Writing strategies in difficult times

I’m loving working on my current novel, alt.human. It’s what I’m thinking of as extreme trad SF, a gritty story crammed full of aliens and big ideas, and quite unlike anything I’ve written before.

But it ain’t exactly coming easily…

In real life, my day job consists of five days’ worth of hours crammed into four long days. The job is demanding at the best of times, but right now we’ve been put under ridiculous pressure and the cracks are starting to show. It’s incredibly hard to step away from it and switch off: I’m stressed and angry, I’m not sleeping, and instead I lie there with my head full of day-job crap. When I manage to get a writing day, it’s hard to immerse myself in the novel and forget about all the other stuff. The novel itself isn’t helping: by its nature it’s full of ideas and multiple strands and characters and species that I need to hold in my head. It’s possibly the hardest novel I’ve ever tried to write.

And this isn’t unusual: most writers have other jobs too. Most of them have lives. I’m not pleading a special case: “Look at how hard it is for me to be creative, dahling!”

So how do we do it? What’s the secret of juggling it all?

The answer, of course, is that there is no secret. It’s more a case of having a toolkit, a portfolio of strategies and tricks that can help you get on and write, even under the most trying of circumstances. Other writers have it much harder than I do.

I had it easy when I started out. I went straight from university to writing full-time. I had the luxury that I could shut myself away in complete peace and quiet, for hours on end, and just write. I acquired such bad habits from that! If I didn’t have at least two or three hours free for it I didn’t feel I could write. If I couldn’t find absolute peace and quiet, I couldn’t write. I didn’t quite reach the stage of being unable to perform unless I had a bowl of orange M&Ms, but it wasn’t far off.

I had to learn it all over again when circumstances forced me to find a day job.

I had to learn that even if my head was full of crap, when I sat down at my computer I could force myself to lose myself in the world of my story, and everything else would recede. I had to learn that two or more hours free was a luxury, not a necessity: you can do a lot in half an hour; if I’m in full flow, I can sit down for half an hour and produce 500 words; if I’m not in full flow I can do some editing, make some notes, anything to help lodge the story in my head again.

If I have ten minutes while I’m waiting for other people to turn up for a meeting, I can get my phone out and start making notes on my work in progress. If I don’t have anything to make notes about? I ask myself questions. How well do I know my protagonist? That scene I’ve just written: how can I go back into it and twist the perspective, make it sharper, make it different and deeper?

On lunchbreaks, with the wonders of high-speed internet and cloud computing I can open up my work in progress and write a couple of hundred more words. Or fifty more words. Sometimes just re-reading and adding a sentence or two can make all the difference in keeping the story in my head for when I can come back for a longer writing session.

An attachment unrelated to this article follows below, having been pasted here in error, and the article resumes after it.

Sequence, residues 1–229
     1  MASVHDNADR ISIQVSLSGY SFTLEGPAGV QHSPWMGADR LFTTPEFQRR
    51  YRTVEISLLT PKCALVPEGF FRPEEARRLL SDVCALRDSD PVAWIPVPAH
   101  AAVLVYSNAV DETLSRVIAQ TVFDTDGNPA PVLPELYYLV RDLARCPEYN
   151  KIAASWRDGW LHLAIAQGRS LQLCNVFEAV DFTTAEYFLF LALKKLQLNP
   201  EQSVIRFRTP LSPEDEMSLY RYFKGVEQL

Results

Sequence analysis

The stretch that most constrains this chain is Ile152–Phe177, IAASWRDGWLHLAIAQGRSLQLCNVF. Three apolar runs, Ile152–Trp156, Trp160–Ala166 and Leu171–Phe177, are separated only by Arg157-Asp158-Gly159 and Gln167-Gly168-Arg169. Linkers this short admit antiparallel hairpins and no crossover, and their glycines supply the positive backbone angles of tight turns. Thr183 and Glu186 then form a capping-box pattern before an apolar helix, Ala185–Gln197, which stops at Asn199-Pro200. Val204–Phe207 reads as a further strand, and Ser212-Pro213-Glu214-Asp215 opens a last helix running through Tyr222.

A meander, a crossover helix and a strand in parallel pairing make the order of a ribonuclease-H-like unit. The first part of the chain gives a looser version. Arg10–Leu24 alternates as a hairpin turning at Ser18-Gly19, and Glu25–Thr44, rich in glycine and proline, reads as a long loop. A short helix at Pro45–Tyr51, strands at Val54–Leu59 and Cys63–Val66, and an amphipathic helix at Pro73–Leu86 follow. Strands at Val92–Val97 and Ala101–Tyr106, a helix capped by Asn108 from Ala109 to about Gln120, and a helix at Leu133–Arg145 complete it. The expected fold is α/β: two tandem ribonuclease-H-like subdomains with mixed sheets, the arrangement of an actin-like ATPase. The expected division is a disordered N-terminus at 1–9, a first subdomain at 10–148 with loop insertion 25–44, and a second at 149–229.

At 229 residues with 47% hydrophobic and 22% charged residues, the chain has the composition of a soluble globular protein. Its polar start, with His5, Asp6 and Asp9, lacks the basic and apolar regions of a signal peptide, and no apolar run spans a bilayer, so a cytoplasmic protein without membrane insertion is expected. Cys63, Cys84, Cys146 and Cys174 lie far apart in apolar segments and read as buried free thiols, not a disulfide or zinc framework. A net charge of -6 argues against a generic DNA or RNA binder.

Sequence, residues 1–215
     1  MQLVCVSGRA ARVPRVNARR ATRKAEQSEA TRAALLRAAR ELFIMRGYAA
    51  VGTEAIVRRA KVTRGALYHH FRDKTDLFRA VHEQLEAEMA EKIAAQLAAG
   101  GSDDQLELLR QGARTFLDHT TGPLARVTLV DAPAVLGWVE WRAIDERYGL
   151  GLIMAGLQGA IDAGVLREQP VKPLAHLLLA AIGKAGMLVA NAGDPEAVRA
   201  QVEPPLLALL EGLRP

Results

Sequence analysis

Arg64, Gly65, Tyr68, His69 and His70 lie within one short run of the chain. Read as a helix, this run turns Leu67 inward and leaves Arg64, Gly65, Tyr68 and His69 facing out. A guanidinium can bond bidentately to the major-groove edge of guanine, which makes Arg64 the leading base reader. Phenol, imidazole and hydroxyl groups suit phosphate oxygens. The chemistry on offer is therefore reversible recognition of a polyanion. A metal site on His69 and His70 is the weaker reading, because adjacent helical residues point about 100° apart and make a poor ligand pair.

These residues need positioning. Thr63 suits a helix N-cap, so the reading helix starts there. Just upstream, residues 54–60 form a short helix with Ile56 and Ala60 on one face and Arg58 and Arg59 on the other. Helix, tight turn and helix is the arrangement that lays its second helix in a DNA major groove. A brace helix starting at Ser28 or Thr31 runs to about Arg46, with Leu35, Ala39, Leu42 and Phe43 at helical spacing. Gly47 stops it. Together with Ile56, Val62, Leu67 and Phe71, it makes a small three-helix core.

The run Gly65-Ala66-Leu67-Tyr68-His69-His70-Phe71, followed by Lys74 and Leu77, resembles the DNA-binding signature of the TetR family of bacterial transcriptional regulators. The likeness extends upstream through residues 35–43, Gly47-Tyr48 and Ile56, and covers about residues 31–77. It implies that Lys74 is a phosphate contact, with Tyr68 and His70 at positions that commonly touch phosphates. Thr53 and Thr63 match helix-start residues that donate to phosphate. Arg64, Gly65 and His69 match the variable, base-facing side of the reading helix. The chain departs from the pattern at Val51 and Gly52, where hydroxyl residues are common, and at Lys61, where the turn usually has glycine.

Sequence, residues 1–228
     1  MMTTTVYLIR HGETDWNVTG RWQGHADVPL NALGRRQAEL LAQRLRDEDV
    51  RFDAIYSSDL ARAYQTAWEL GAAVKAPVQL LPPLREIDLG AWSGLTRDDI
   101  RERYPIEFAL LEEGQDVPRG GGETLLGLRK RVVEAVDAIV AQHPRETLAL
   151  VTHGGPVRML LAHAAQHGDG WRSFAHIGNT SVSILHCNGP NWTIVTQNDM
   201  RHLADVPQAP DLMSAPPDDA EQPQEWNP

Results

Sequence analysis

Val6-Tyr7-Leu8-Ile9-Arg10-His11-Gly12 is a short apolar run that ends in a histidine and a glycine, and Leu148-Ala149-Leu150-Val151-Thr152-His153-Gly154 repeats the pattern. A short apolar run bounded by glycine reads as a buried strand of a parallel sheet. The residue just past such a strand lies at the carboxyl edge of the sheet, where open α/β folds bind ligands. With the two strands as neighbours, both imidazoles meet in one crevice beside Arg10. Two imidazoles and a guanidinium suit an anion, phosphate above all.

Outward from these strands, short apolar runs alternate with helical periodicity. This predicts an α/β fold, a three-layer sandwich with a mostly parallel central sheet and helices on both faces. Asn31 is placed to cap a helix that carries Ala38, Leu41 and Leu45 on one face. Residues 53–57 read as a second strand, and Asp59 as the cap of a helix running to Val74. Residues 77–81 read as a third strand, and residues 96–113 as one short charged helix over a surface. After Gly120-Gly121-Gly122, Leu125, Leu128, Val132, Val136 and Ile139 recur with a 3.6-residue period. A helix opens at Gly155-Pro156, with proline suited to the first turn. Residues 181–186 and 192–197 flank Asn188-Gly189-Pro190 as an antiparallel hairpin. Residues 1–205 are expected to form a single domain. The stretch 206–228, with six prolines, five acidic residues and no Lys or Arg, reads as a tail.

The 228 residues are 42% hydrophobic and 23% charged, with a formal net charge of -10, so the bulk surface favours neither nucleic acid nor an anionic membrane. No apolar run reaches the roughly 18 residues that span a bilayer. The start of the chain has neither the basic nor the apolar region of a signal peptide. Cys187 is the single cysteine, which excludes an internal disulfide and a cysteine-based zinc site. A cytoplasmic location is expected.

Right now I’m at the halfway point in alt.human and I’m stepping back from it. Because of the bitty nature of my writing sessions over the past few months I know there are lots of loose threads, lots of sparks of ideas that I’ve made a note to go back and further develop. So before my ragged band of protagonists set off into part two I’m going right back to the start to work on all the bits that would benefit from enriching, pushing harder, digging deeper. And as I go, I’m making notes for part two.

I’m a word counter. On a full writing day I’m disappointed if I don’t get well past 2000 words of new material. So spending writing time on this revisiting – fixing and researching my own material – seems incredibly unproductive. At the end of the day my word count might be minus 200, or zero, or six. It doesn’t exactly feel like progress.

But it is: the story’s in my head again. All the little details in part one that might flourish into sub-plots in part two; all the deepening of what’s gone before, making what’s to come all the more vivid even before I’ve written it.

Apart from anything else: it’s one hell of a confidence boost. Writing in difficult times, when life’s knocking the stuffing out of you, isn’t easy; it makes it hard to believe in what you’re doing. There’s one scene I’ve just edited that has done me a world of good: a kaleidoscope of the alien, a bombardment of images and impressions. When I reached that scene I started to believe in the world of my story again.

There are lots of ways to keep momentum going in a long piece of work, but sometimes stepping back from it is more effective than plunging ever onwards.

I’ve now posted a follow-up to this: How to fit writing into a busy life (writing strategies, part two) [Added, 6 July]